2. ^ Bernd Debusmann (2008-09-17). "The Russian bear in America's backyard: Bernd Debusmann". Reuters. Retrieved 2010-02-28.
  3. ^ William Safire (1994-05-22). "ON LANGUAGE; The Near Abroad". The New York Times. Retrieved 2008-04-18.
  4. ^ "Public Lands--America's Backyard". National Geographic Society. 1996–2010. Archived from the original on 5 April 2010. Retrieved 2010-04-03.
  5. ^ Johnson, David (1995). "Intensive International Hunt Is On, But for Whom". New York Times: 10.
  6. ^ Alter, Jonathan (1995). "Jumping to Conclusions". Newsweek: 55.
  7. ^ Deflem Mathieu (June 1995). "The Globalization Of Heartland Terror: International Dimensions Of The Oklahoma City Bombing". Deflem Mathieu. Retrieved 2010-02-27.
  8. ^ "Monroe Doctrine". Online Highway. 2010. Retrieved 2008-04-15.
  9. ^ a b Livingstone, Grace (2009). America's backyard : the United States and Latin America from the Monroe Doctrine to the War on Terror. London; New York: Zed Books; Latin America Bureau; Distributed in the USA exclusively by Palgrave Macmillan. ISBN 978-1-84813-213-9.
  10. ^ a b Alain Gresh (2007-11-03). "The United States' new backyard". Le Monde Diplomatique. Retrieved 2010-02-28.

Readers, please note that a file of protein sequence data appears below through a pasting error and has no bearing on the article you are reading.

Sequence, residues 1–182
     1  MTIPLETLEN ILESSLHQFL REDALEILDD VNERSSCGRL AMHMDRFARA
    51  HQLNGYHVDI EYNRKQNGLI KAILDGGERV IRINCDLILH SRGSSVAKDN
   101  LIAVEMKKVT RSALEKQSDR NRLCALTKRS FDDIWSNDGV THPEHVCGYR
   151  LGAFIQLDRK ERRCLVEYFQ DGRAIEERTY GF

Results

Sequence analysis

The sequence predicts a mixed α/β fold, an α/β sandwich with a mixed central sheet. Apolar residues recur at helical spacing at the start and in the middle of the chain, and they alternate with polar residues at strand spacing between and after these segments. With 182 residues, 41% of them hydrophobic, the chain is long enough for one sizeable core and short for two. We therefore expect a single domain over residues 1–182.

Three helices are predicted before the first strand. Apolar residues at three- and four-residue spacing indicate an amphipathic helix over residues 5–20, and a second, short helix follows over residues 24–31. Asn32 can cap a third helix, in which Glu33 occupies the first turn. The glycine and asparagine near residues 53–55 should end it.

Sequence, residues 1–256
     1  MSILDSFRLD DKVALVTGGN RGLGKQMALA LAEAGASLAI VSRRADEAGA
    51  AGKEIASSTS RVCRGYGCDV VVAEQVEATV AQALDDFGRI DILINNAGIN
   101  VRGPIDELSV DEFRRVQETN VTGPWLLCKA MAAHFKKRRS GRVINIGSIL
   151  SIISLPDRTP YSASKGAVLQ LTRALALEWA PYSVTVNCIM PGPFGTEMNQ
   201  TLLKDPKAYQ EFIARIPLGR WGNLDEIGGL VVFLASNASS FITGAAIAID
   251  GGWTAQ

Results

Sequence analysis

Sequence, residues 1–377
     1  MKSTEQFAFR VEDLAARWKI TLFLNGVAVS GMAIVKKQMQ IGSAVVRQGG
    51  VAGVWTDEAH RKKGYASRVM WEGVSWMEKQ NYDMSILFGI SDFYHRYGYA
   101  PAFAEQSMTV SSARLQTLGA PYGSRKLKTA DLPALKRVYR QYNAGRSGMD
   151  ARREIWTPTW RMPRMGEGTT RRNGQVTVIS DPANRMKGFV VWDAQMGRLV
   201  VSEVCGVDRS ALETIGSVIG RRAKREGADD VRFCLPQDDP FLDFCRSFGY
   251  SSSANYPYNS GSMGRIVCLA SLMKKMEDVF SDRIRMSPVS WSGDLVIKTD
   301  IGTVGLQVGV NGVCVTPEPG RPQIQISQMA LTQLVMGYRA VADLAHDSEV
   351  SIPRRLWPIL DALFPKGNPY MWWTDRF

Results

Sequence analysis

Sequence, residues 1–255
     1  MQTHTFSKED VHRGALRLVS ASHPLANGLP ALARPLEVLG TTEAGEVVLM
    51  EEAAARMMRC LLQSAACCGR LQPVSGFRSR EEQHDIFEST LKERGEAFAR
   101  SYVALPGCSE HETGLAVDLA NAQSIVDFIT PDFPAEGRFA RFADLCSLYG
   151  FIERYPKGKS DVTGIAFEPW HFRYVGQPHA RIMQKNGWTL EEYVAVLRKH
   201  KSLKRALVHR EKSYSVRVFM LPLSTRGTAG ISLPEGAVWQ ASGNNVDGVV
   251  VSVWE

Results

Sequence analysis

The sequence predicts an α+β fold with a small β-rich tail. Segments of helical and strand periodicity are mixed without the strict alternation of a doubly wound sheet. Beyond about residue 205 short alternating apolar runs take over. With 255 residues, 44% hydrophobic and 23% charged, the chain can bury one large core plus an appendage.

11. ^ Peretz, Pauline (2009). "Philippe Droz-Vincent Vertiges de la puissance : le " moment américain " au Moyen-Orient Paris, La Découverte, 2007, 370 pages". Critique Internationale. 44 (3): 165. doi:10.3917/crii.044.0165. ISSN 1777-554X.
  12. ^ a b Jacques, Martin. (2014). When china rules the world : the end of the western world and the birth of a new global order. Penguin Books. ISBN 9781101151457. OCLC 883334381.
  13. ^ Almaty (2010-01-28). "China in Central Asia: Riches in the near abroad". The Economist. Archived from the original on 11 February 2010. Retrieved 2010-02-28.
  14. ^ Noubel, Filip (5 February 2020). "'Françafrique': A term for a contested reality in Franco-African relations". Global Voices. Retrieved 27 August 2021.
  15. ^ Fröhlich, Silja (3 August 2020). "Africa and France: An unfulfilled dream of independence?". Deutsche Welle. Retrieved 27 August 2021.